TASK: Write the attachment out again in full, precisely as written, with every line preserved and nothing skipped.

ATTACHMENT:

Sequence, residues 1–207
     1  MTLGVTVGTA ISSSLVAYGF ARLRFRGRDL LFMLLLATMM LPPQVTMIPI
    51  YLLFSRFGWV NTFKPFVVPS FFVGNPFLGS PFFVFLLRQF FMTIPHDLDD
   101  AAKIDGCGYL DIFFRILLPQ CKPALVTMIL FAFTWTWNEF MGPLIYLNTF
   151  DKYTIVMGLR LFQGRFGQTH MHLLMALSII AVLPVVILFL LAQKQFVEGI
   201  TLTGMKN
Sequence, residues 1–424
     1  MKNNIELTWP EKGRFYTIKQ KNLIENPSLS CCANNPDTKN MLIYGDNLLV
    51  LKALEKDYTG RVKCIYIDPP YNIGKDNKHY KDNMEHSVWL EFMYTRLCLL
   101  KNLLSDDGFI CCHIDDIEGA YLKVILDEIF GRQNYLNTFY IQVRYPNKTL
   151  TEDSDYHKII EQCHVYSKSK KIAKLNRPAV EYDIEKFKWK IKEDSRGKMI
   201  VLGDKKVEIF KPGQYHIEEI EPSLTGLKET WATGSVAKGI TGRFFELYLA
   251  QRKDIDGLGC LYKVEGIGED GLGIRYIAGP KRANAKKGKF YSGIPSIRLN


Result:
Sequence, residues 1–207
     1  MTLGVTVGTA ISSSLVAYGF ARLRFRGRDL LFMLLLATMM LPPQVTMIPI
    51  YLLFSRFGWV NTFKPFVVPS FFVGNPFLGS PFFVFLLRQF FMTIPHDLDD
   101  AAKIDGCGYL DIFFRILLPQ CKPALVTMIL FAFTWTWNEF MGPLIYLNTF
   151  DKYTIVMGLR LFQGRFGQTH MHLLMALSII AVLPVVILFL LAQKQFVEGI
   201  TLTGMKN
Sequence, residues 1–424
     1  MKNNIELTWP EKGRFYTIKQ KNLIENPSLS CCANNPDTKN MLIYGDNLLV
    51  LKALEKDYTG RVKCIYIDPP YNIGKDNKHY KDNMEHSVWL EFMYTRLCLL
   101  KNLLSDDGFI CCHIDDIEGA YLKVILDEIF GRQNYLNTFY IQVRYPNKTL
   151  TEDSDYHKII EQCHVYSKSK KIAKLNRPAV EYDIEKFKWK IKEDSRGKMI
   201  VLGDKKVEIF KPGQYHIEEI EPSLTGLKET WATGSVAKGI TGRFFELYLA
   251  QRKDIDGLGC LYKVEGIGED GLGIRYIAGP KRANAKKGKF YSGIPSIRLN